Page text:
In closing, I recognize that my personality is open to adventure. Yet, I will disclose that I am an introvert by nature and pseudo-extrovert by practice. Hence, I would suggest that the examples I provided are more about an interest in communicating with others through a cross-cultural lens, rather than a function of personality. The strategy I employed was one being open to sharing with people from very different cultural backgrounds. There can be a risk in this kind of networking; not all conversations will end up with a strong connection. But remember the old adage: Nothing ventured, nothing gained.
Posted by Patty Goodman, Ed.D., Faculty
Why were professional conferences developed? My guess is as a means of efficiently delivering professional development to a large group of people at once. It was a one-stop shop for confirming regulations, gathering new knowledge, gaining motivation, and meeting like-minded people. In our information-rich society, we can click a button to gather data, learn tidbits, and communicate with people across the globe. Has this surge of information and social media changed the image of conferences? Is attending conferences a thing of the past?
If I was asked last year, do you plan on attending a conference this year? I would likely have said, I don’t have time. However, I ended up attending five. Yes, five conferences within six months! I do not share this to boast, but am truly shocked myself. Why would I attend so many and was there value? I should provide a bit of explanation. One was associated to a presentation and another was a result of being part of the planning committee. This still leaves three, which does seem like a high number of conferences to attend. Yet, I will tell you that I would do it all again! Below are some visual takeaways.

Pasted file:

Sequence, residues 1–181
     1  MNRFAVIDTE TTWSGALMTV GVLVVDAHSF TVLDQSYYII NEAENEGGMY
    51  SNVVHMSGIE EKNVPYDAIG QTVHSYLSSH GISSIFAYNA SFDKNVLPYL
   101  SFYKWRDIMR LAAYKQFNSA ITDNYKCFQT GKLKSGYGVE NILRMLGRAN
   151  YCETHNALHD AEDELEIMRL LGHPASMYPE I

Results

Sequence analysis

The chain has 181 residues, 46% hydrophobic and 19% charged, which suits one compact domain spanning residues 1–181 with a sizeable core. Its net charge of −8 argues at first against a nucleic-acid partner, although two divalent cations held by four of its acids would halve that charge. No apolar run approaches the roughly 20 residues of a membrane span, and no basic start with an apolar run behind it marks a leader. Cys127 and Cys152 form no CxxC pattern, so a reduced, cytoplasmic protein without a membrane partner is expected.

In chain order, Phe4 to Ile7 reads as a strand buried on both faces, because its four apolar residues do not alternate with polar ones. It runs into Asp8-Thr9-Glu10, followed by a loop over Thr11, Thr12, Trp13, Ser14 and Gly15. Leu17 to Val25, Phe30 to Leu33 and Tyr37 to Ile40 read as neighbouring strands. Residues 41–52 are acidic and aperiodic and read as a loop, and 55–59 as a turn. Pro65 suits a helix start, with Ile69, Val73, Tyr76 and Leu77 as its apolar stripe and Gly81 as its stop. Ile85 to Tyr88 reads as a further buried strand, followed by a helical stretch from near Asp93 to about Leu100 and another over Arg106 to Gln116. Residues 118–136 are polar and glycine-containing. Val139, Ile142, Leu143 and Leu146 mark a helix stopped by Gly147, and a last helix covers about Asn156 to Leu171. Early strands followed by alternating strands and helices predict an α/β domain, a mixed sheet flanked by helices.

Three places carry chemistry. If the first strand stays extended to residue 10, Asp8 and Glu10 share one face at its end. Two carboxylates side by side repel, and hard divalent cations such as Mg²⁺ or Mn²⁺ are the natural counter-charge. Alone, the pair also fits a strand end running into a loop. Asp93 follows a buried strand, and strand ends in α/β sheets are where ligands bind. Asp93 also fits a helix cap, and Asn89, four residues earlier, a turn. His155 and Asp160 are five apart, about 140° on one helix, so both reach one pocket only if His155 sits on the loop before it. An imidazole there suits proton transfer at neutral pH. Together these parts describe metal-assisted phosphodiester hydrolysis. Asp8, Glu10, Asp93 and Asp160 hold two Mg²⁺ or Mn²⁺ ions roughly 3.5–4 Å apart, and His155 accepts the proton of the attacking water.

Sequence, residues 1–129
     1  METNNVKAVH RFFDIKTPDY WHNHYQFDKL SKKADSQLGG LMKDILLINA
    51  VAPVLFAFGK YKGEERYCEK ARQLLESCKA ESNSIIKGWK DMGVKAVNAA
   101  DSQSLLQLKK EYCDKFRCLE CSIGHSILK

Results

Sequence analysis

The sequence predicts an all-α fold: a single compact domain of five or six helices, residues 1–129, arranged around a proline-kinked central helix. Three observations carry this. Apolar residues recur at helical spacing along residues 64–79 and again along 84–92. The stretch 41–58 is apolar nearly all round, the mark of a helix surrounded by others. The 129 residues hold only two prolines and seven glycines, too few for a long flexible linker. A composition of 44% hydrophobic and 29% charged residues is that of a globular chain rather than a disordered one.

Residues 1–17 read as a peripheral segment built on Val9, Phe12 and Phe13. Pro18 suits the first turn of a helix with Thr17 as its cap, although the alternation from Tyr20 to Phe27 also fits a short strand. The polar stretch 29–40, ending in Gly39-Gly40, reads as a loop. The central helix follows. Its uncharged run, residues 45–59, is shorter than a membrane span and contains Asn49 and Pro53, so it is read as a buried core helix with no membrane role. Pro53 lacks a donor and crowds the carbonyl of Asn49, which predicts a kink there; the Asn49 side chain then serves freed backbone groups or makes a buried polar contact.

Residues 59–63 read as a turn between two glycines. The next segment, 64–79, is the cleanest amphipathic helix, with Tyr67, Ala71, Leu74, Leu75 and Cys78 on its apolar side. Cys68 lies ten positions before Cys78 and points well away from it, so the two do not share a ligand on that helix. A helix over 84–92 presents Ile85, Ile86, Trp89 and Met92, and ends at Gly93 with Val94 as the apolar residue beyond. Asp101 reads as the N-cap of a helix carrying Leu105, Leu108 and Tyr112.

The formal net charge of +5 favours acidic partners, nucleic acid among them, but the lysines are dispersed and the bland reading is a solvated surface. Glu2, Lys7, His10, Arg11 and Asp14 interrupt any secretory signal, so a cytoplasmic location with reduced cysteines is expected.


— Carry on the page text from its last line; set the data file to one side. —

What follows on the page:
All of the conferences that I invested my time and resources were associated with different parts of my personal and career development. Although so much information is available at the touch of a button, I don’t make the time or space to focus on it. Do you?
In particular, I was enriched by attending a professional conference with engaging topics. I was stretched by participating in the planning of our college faculty development conference. Moreover, I was fulfilled from attending an empowerment conference and an alumni conference.
Personally, I found there is a difference in sharing a space with others, engaging in conversation, and being outside of my comfort zone. Honestly, I did not gain new knowledge, but I gathered many amazing stories and developed new connections. Considering the importance of a strong network, I would say I have been able to develop a deeper network. This in turn offers opportunities to build deeper relationships with people having shared interests.
Below are some links to communication related conferences in order of career focus:
- International Business Communication Association
- International Communication Association
- Association of Talent Development
- Conal (a website that links international conferences by topic area)
So I ask you, have you been to a professional conference lately? If you have found a good conference, please share the conference name in the comments. If your answer is no, consider finding one that connects with your personal or career goals. You might be surprised how a conference colleague might become part of your inner-circle.
Posted by Patty Goodman, Ed.D., Faculty